May we all find the Bay Mountain that gives us a crystal moment of being and a breath of the sky, and only asks us to hold the whole world dear.

Saturday, September 19, 2015

Everybody's got one.

By Gayle Carline
Author and Horse Mom

Of course, I'm talking about opinions. It's been almost 3 weeks since we've moved to our new stables. I think the move went pretty well. It was a lot of work, and I would have liked to have left with better feelings from the owner of the previous place - we were (and hope still are!) friends, but the last day was filled with tension. 

We got our tack room all organized!

We're still finding our way around the new place. Everyone is very friendly and accommodating, willing to show us where things are, take turns for the turnouts and round pen, etc. I love the arena. The footing is a combination of sand and synthetic that is very soft and springy. Very good on Snoopy's legs.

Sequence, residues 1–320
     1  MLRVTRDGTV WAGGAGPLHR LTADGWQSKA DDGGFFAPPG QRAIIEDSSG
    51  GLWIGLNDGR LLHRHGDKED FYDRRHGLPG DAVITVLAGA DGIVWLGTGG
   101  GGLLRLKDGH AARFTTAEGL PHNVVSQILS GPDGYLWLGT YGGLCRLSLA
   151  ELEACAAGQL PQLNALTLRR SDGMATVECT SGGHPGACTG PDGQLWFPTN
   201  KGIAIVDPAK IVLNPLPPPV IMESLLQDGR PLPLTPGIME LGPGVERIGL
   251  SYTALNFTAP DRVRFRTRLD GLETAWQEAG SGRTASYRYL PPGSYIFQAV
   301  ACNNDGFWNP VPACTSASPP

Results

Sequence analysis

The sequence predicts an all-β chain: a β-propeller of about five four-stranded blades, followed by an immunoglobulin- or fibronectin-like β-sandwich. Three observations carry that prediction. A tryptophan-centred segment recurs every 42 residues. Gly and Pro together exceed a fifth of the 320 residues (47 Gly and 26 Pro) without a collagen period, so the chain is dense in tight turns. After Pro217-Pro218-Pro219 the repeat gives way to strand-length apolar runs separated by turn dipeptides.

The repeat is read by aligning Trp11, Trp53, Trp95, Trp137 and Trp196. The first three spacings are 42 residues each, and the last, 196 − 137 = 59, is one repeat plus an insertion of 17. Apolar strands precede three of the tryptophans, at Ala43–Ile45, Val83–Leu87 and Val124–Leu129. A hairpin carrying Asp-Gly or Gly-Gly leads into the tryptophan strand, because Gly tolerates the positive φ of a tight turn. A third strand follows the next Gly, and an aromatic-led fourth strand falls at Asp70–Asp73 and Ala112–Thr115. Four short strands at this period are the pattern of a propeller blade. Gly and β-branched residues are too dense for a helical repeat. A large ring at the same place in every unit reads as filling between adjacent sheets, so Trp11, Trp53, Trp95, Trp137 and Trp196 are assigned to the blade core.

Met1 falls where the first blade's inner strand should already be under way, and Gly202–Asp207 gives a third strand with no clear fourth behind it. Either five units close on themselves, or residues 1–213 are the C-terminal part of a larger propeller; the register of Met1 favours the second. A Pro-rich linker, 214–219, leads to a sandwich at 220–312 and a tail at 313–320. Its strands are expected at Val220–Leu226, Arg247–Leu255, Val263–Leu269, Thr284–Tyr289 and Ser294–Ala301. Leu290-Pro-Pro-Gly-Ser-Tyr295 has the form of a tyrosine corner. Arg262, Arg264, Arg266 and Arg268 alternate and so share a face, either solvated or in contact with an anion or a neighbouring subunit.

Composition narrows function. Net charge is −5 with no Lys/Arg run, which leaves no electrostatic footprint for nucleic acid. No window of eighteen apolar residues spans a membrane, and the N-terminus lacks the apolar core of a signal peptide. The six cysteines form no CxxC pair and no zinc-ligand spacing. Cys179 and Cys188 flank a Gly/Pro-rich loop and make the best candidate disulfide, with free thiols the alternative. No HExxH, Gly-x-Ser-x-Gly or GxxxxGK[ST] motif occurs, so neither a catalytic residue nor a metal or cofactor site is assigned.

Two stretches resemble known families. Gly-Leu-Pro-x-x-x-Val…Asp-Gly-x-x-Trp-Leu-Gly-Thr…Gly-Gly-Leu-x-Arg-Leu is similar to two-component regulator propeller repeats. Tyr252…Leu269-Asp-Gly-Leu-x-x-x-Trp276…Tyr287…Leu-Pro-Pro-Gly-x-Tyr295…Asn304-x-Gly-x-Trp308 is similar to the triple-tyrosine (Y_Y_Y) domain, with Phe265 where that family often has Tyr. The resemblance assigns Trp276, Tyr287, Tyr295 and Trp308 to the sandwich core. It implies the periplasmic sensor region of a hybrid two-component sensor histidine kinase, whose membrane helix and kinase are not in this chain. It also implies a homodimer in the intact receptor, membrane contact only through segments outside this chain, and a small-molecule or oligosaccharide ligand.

Speaking of Snoopy, he's not as happy with the new place as I thought he'd be. Where Frostie settled into her stall without complaint (and is already growing to fat-as-a-tick status on the new diet), he has not quite accepted the fact that he's in a new home. He's eating a lot of hay, plus senior feed, but the first week, he paced so much in his stall that he lost significant weight. Any time another horse is taken out of the barn, he screams until they come back, and sometimes, he rushes his stall door so frantically that we close the top, afraid he'll try to jump out.

Frostie loves her in-and-out

This is not normal behavior for him. (Even at shows, he is calm after his first lunge.)

"Where am I?!?!?"

The best we can reason is that he knows he's not at a show, but he can still smell/hear/sense his old home nearby (it's two doors down), so he is confused about just where he is. Some days he acts like he's settling. Then a horse leaves the cross-ties and he screams and rears and generally behaves like a loon.